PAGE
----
Then one day, as I said before, I “woke up.” I could no longer swallow the abuse. I could no longer deny what was happening to myself or my children.  As I said earlier I started to see a counsellor and I learned about the abuse cycle.  I started to unisolate myself (he, like most abusers had isolated me from family and friends to be able to control me better), I went out with friends and started to have outside interests, interests that did not involve him. I no longer let my life revolve around him.  Now let me just say I was careful.  I was still living with this man and I knew what he was capable of if pushed too far.  He could see though that he was losing control of me and it drove him mad.  He yelled more often, screamed at me that he would Never Stop Abusing Me, criticized my friends and outside interests all in an attempt to deter me from having  a life away from him and his control.  It didn’t work. I kept rebuilding myself.

Then the unthinkable happened. From January 2010 to September 2010 my husband came into my room (we were sleeping in separate rooms) and he exerted all of his power over me, stripping me of my power, and he raped me over and over.

At the time I felt nothing.  I couldn’t let myself feel anything. I still lived with this man, a man I had tried kicking out, but he kept coming back and now he had  suddenly upped  the danger level in our house.  I simply existed. I was numb.

We did end up separating and I started to live a life free of abuse. Eventually I dated again. Yes I did date after being raped.  I started to date a man that I had dated in high school. He was my first love and I was very happy that we were back together.  I felt safe with him. Intimacy was easy.  I, despite what I had gone through, felt no fear.  I was honestly surprised by that, but did not question it.

Unfortunately as time passed intimacy became harder.  I started to have panic attacks when we were close, fear would run through my body and I would freeze.  Let me state that my boyfriend never hurt me when we were intimate.  My reactions were not due to something he had done. My reactions were trauma reactions. I was getting stronger in my day to day life so my unconscious self decided it was time to deal with the trauma memories.  You see my cells, my nervous system, my muscles and layers of my brain all held memories of the trauma. Per Wikipedia;

Traumatic experiences include natural disasters such as earthquakes and tsunamis; violent events such as kidnapping, terrorist attacks, war, domestic abuse and rape.[1] Traumatic memories are naturally stressful in nature and emotionally overwhelm people’s existing coping mechanisms.[2] When simple objects such as a photograph, or events such as a birthday party, bring traumatic memories to mind people often try to bar the unwanted experience from their minds so as to proceed with life, with varying degrees of success. The frequency of these reminders diminish over time for most people. There are strong individual differences in the rate at which the adjustment occurs.[3] For some the number of intrusive memories diminish rapidly as the person adjusts to the situation, whereas for others intrusive memories may continue for decades with significant interference to their mental, physical and social well being.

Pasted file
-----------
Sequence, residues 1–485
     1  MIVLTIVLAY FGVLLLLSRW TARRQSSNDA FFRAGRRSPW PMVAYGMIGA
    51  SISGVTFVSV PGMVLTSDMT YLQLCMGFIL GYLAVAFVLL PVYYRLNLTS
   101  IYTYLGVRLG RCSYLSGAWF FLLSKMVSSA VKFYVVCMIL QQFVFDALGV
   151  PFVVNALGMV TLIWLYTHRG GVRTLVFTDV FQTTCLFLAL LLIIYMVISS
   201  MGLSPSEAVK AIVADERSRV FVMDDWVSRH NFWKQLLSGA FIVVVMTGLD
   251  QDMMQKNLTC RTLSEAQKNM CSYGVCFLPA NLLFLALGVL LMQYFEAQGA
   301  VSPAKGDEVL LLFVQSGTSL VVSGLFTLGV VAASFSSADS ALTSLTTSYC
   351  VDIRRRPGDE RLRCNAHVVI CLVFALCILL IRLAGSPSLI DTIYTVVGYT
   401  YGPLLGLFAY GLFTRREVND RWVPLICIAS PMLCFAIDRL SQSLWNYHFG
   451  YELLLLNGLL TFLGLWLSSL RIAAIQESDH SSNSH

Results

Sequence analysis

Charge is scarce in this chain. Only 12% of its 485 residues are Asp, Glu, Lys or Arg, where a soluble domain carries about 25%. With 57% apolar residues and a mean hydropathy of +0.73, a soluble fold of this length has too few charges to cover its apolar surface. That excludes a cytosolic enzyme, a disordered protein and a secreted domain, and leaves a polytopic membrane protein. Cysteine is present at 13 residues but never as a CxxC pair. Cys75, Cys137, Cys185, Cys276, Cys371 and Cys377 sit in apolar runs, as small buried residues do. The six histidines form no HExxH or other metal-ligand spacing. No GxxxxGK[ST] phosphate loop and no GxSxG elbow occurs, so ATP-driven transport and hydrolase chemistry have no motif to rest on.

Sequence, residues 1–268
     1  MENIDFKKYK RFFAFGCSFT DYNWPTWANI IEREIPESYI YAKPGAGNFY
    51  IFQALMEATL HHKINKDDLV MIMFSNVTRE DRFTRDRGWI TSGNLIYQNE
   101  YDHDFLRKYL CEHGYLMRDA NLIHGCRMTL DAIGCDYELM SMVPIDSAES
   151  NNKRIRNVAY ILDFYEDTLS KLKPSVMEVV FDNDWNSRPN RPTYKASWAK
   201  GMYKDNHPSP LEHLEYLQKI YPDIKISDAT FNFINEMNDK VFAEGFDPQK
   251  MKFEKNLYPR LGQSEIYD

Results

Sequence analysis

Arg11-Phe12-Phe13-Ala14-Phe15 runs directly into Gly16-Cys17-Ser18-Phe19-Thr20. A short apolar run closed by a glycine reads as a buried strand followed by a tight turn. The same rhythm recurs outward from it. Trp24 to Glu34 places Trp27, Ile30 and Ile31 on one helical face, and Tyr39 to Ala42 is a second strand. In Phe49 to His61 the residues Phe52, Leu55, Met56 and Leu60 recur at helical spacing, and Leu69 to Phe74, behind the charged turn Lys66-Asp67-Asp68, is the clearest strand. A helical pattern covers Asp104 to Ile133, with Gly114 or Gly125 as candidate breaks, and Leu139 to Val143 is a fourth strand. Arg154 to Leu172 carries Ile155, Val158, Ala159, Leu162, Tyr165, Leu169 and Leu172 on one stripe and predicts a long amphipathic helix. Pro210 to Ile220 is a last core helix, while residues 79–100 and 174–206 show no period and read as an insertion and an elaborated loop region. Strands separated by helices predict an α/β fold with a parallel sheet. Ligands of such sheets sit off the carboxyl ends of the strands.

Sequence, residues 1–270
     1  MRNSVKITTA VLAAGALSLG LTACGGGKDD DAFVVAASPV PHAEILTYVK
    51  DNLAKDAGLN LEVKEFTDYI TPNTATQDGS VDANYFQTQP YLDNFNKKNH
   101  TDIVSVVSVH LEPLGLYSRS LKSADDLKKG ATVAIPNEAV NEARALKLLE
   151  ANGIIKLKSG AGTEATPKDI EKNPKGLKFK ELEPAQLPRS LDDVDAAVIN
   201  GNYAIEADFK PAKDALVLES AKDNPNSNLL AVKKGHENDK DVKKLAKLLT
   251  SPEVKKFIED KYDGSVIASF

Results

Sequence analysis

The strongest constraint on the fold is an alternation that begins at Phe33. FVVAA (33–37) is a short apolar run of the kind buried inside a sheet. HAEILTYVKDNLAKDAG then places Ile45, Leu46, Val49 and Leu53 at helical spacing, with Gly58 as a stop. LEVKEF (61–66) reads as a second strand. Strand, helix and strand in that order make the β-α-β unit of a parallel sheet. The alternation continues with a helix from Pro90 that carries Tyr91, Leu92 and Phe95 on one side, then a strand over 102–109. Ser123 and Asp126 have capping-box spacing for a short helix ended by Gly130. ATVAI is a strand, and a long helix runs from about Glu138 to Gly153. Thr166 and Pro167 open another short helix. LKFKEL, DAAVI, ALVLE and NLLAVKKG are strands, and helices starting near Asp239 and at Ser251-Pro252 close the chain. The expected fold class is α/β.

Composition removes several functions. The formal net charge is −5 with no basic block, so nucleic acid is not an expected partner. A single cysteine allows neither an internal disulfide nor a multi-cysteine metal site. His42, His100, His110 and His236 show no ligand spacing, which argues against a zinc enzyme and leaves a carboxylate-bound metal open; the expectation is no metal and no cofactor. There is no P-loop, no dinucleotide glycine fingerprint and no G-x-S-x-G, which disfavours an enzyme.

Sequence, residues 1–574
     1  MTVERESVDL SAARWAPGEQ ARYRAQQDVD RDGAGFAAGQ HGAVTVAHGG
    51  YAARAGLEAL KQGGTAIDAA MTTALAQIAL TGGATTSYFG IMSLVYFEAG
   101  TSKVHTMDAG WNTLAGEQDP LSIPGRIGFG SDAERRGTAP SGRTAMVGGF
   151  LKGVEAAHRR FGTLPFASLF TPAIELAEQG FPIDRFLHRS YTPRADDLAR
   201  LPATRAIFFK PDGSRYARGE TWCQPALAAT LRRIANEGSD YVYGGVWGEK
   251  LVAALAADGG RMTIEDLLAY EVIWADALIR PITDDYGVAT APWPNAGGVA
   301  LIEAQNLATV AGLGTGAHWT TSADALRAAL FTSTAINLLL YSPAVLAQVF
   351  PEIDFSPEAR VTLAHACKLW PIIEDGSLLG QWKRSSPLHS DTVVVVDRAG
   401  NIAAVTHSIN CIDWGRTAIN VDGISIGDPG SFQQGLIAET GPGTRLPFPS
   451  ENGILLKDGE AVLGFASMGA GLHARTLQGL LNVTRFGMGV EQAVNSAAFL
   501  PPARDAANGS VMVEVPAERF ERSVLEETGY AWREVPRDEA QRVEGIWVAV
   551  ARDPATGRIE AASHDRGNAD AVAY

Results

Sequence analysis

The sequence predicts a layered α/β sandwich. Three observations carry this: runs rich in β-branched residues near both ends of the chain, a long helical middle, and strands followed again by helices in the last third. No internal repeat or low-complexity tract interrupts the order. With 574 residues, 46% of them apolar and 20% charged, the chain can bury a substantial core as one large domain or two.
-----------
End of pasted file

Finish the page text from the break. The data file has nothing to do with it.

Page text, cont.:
Ok so I was trying to proceed with life, but the trauma memories were getting in the way.  As a result I had to do more counselling and I have learned new coping skills.  My boyfriend and I will often just cuddle with no pressure of anything more.  It’s not always easy for him or I, but we do our best to be patient and understanding of each others feelings. There are days where I skirt affection all together.  When the fear takes over, I feel like I am screaming from the inside and any kind of touching stresses me out.  We try to talk through those days and reassure my whole being that I am safe. It’s not an easy journey actually some days it really sucks, but I am glad we love each other enough to get through it together. One step at a time.

If you have been raped practise these acts of self care;

-Be gentle with yourself. You may be recovering from physical injuries plus mentally and emotionally you have been hurt. It takes time to heal.

-Reach out to loved ones, friends or family for support.

-You may notice that your appetite has diminished due to stress.  Eat small, frequent nutritional meals. Try to avoid large amounts of sugar or caffeine.

-Get outside. Feel the sunshine, breath in the fresh air, get out for a walk.

-Keep a journal about your thoughts and feelings.

-You may have trouble sleeping and feel extra jumpy.  These are normal reactions to trauma.  If these symptoms last longer than a month please see your doctor for extra support.

-There are many forms of counselling to help with trauma. Your local Sexual Assault Centre can offer extra support or your family doctor can refer you to a therapist.

-Check out RAINN’s website rainn.org for helpful information.

-Please know you are not alone, you did NOTHING wrong and you did NOT deserve this happening.